I recently came across a passage in Russell's Mysticism and Logic which you may find interesting. In the essay "The Ultimate Constituents of Matter," Russell writes (p. 144), "… the existence of sense-data [qualia] is logically independent of the existence of mind, and is causally dependent upon the body of the percipient, rather than upon his mind.” [. . .] On the contrary, I propose that any tenable definition of qualia must construe them as mental items, i.e. items whose esse is their percipi. [. . .]
What are your thoughts on this argument?
I think you are confusing qualia with sense data. I grant you that qualia are mental items, and that they cannot exist apart from minds. But sense data are not qualia. First of all, Russell does not use 'quale' (singular) or 'qualia' (plural) in the two essays you mention. But he does tell us what he means by 'sense data': ". . . I believe that the actual data in sensation, the immediate objects or sight or touch or hearing, are extra-mental, purely physical, and among the ultimate constituents of matter." (10th ed., 128)
Suppose I am staring at a blue coffee cup. The particular blue that I visually sense, precisely as I sense it, is a sense datum: it is the direct or immediate object of my visual sensing. It is distinct from the sensing. The sensing is something I undergo or experience or live through; it is part of my mental life. As such it is mental in nature. The sense datum, however, is not mental. It is not an episode of experiencing or part of an episode of experiencing; it is the direct object of an experiencing. For Russell, the blue sense datum is not only not mental; it is physical: it is a proper part of the coffee cup. I read Russell in these essays as a bundle theorist: physical objects are bundles of sense data both synchronically and diachronically.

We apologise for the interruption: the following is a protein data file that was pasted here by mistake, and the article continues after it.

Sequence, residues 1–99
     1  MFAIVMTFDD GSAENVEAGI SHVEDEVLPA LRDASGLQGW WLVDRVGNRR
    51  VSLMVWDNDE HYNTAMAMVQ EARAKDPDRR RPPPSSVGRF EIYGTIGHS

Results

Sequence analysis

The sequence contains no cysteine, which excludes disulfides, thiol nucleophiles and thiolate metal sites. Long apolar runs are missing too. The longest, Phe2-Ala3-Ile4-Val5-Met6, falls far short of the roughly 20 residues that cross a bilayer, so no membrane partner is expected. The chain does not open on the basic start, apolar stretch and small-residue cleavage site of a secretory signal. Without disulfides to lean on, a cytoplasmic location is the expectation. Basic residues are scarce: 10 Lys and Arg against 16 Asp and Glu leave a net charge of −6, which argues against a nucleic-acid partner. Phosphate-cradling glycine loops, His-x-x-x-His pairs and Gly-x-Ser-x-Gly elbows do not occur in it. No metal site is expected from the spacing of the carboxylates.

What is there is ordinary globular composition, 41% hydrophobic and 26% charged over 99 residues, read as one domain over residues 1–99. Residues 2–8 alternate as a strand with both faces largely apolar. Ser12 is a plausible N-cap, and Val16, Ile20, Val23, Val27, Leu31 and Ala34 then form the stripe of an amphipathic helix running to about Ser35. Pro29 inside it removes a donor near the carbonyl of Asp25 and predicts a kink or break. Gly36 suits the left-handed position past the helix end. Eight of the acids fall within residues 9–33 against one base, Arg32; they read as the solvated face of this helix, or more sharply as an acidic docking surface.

Note also that while a blue sense datum is blue, a sensing of a blue sense datum is not blue. (An adverbialist who speaks of sensing-blue-ly gives up the act-object schema that Russell presupposes.)
Sense data, then, are objects of sensings. For Russell, they are extra-mental and indeed physical. Qualia, however, are the phenomenal characters of experiencings. For example, the felt quality, the what-it-is-like, of a twinge of pain, precisely as it is felt. Or the smell of burnt garlic. Or the taste of licorice.
There are many tricky questions here. Suppose I am given a piece of black, semi-soft candy and asked what it is. I put it in my mouth to find out. I discover that it is a piece of licorice. I seem to have discovered something objective about a physical object, namely, that this bit of candy is licorice. This would suggest that the object of my gustatory sensing is extra-mental and indeed physical. Or should we say merely that I had a gustatory experience with a certain phenomenal character and that the characteristic taste of the thing I put in my mouth is wholly mental in nature?
The qualia-based objections are supposed to pose a 'hard' problem for defenders of physicalism. The implication is that the problems posed by intentionality are, if not exactly 'easy,' then at least tractable. An earlier post discussed a version of the knowledge argument, which is one of the qualia-based objections. (Two others are the absent qualia argument and the zombie argument.) It seems to me, though, that intentionality is also a damned hard problem for physicalists to solve, so hard in fact as to be insoluble within physicalist constraints and another excellent reason to reject physicalism.
Before proceeding I want to make two preliminary points.
The first is that the untenability of physicalism does not entail the acceptability of substance dualism. Contrapositively, the unacceptability of substance dualism does not entail the tenability of physicalism. So if a physicalist wishes to point out the problems with substance dualism, he is free to do so. But he ought not think that such problems supply compelling reasons to be a physicalist. For it is obvious that the positions stand to each other as logical contraries; hence both could be be false.